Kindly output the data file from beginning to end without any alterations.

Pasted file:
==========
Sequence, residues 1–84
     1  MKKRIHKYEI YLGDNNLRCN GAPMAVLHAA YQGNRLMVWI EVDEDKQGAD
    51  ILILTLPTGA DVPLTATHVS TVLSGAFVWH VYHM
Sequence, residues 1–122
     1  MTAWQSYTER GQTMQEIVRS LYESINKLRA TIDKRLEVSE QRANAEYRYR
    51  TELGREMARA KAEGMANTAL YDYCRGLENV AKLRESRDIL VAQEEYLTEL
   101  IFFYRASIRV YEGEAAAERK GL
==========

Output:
Sequence, residues 1–84
     1  MKKRIHKYEI YLGDNNLRCN GAPMAVLHAA YQGNRLMVWI EVDEDKQGAD
    51  ILILTLPTGA DVPLTATHVS TVLSGAFVWH VYHM
Sequence, residues 1–122
     1  MTAWQSYTER GQTMQEIVRS LYESINKLRA TIDKRLEVSE QRANAEYRYR
    51  TELGREMARA KAEGMANTAL YDYCRGLENV AKLRESRDIL VAQEEYLTEL
   101  IFFYRASIRV YEGEAAAERK GL